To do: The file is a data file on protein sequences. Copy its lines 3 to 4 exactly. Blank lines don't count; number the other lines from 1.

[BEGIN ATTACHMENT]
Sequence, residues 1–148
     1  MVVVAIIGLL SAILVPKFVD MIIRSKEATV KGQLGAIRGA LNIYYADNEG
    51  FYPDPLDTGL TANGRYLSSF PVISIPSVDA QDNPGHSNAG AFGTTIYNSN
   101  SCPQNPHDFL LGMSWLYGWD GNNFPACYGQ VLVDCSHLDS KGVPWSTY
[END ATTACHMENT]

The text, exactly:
    51  FYPDPLDTGL TANGRYLSSF PVISIPSVDA QDNPGHSNAG AFGTTIYNSN
   101  SCPQNPHDFL LGMSWLYGWD GNNFPACYGQ VLVDCSHLDS KGVPWSTY